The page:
Travel Postcard: 48 hours in Perth, Australia's coastal boomtown

Fri Nov 23, 2012 6:45pm EST
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By Rebekah Kebede

PERTH (Reuters) - The hometown of Australia's richest citizen, mining magnate Gina Rinehart, Perth is the centre of the country's iron ore and oil and gas boom. with some of the largest resources firms churning out billions in profits here.

But Perth has a laid back side too-- there's a saying that W.A., the acronym for Western Australia, actually stands for "wait awhile."

And why not take it easy in this city with a sunny Mediterranean climate and miles and miles of coastline where even on a busy summer weekend, you have a good chance of having a big stretch of beach all to yourself.

Closer to Asia than it is to Australia's main population centers on the continent's east coast, Perth is often described as the most remote city in the world with the Indian Ocean at its doorstep and miles of Outback at its back.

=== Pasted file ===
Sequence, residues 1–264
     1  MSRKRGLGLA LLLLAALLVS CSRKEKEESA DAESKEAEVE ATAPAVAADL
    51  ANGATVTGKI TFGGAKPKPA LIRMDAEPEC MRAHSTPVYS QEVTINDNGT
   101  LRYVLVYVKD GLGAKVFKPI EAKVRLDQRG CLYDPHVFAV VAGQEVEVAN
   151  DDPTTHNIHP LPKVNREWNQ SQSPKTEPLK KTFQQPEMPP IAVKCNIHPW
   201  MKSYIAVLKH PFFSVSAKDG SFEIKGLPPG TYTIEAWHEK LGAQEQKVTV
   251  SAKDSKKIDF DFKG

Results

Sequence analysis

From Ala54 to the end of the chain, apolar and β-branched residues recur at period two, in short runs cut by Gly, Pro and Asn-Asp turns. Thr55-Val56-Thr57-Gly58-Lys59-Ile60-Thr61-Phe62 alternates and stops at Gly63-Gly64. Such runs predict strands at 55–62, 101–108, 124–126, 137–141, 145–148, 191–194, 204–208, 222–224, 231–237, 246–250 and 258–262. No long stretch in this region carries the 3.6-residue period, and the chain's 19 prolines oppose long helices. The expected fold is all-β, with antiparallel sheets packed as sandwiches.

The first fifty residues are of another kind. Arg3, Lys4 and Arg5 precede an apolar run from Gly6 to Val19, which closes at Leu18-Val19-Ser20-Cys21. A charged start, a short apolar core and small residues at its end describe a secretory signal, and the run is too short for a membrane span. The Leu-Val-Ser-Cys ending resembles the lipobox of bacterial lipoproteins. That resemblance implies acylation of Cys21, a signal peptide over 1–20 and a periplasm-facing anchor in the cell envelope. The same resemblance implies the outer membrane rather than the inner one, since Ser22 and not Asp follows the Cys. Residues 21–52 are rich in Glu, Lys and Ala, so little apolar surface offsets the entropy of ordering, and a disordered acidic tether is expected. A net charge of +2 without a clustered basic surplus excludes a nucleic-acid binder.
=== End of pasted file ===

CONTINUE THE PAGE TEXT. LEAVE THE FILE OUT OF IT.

Reuters correspondents with local knowledge help visitors get the most out of a 48-hour visit.


5 p.m. - Arrival and hotel check in. The central business district is a convenient and central location to stay, with more public transportation options on offer, including the free Central Area Transit (CAT) buses if you decide not to hire a car. There are several hotels along the Swan River with beautiful views. Coastal neighborhoods such as the ritzy Cottesloe neighborhood and the less exclusive Scarborough offer beachside accommodation.

6 p.m. - Head over to the Old Swan River Brewery( Beer is no longer made onsite, but the restaurant does have several tasty house brews and a view overlooking the Swan River, where you might spot a dolphin popping up for air if you are lucky. Enthusiastic carnivores can try the tomahawk steak, an Australian cut that generally weighs around 1.5 kg (just over 3 lbs) and can feed up to four.   Continued...

Native balga trees are lit on fire in an Aboriginal ceremony during the Perth Festival on Cottesloe Beach in this undated picture. REUTERS/Rebekah Kebede